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Does "more often than not" mean most?

time_to_gotime_to_go Alum Member
edited April 2016 in Logical Reasoning 276 karma
One of the RC videos that I watched mentioned that when something (call it X) happens more & more frequently, it does not mean that X happens most of the time. But I read it from one of the PowerScore posts that "more often than not" means MOST. They sound quite similar to me, so I'm not sure how to make a distinction between them. If I change it to "X happens more & more frequently THAN NOT" would it equate to most?


  • allergicallergic Alum Member Inactive Sage
    246 karma
    More and more frequently just means something is happening more often than before. Maybe in the past it happened 1% of the time, then recently it increased to 2% of the time. More often than not means more than 50% of the time, which means it happens most of the time.
  • hlsat180hlsat180 Free Trial Member
    edited April 2016 362 karma
    @"Purple Paris" said:
    Does "more often than not" mean most?
    Yes, in terms of frequency: "More often than not" = "Most of the time" or "Usually"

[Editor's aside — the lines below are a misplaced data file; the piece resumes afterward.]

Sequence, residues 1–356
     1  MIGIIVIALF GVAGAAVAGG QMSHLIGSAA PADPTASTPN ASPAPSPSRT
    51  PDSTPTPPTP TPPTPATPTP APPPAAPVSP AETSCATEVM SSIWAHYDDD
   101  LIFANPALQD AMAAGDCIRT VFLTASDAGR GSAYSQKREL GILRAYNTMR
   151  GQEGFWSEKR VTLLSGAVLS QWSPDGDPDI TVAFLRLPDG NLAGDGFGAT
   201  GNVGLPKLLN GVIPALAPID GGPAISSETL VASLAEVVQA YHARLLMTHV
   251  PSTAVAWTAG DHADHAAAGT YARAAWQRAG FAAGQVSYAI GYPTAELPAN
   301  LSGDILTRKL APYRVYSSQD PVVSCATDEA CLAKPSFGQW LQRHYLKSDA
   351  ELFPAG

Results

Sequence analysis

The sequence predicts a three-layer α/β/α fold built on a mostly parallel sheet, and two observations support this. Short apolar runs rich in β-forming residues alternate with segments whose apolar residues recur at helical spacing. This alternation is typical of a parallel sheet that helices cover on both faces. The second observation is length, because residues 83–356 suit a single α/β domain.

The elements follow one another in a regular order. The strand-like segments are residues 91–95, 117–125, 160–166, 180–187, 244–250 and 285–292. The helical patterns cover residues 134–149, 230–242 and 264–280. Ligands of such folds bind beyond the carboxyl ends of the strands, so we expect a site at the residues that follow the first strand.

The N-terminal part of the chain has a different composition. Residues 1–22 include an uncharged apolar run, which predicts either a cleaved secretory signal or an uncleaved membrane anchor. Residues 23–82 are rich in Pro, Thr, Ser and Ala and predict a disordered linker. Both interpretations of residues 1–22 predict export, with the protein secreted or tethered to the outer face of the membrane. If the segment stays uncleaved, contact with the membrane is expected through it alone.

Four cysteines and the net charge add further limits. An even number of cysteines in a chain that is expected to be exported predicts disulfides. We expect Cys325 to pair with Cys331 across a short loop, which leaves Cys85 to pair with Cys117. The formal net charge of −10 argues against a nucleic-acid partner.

To clarify your confusion: "More and more frequently" refers to a change in frequency, while "Most of the time" refers to just frequency - like comparing velocity vs. distance.
    @"Purple Paris" said:
    They sound quite similar to me, so I'm not sure how to make a distinction between them.
    Instead of focusing on specific terms, first become familiar with general LSAT qualifiers (on a scale of 0 to 100):

    - All/Always (100)
    - Most/Usually (51-100)
    - Some/Sometimes (1-100)
    - Not All/Not Always (0-99)
    - None/Never (0)

    You can then interpret specific terms by applying them to this framework.
  • allison.gill.sanfordallison.gill.sanford Alum Inactive Sage
    1128 karma
    Yeah this is all about what you are comparing the past performance to. Are you comparing current frequency of an event with past frequency (the amount of time a particular thing used to happen)? If so, this tells you nothing about overall occurrences of any kind, it's only a comparison within a particular category.
  • time_to_gotime_to_go Alum Member
    276 karma
    Thank you guys! :)
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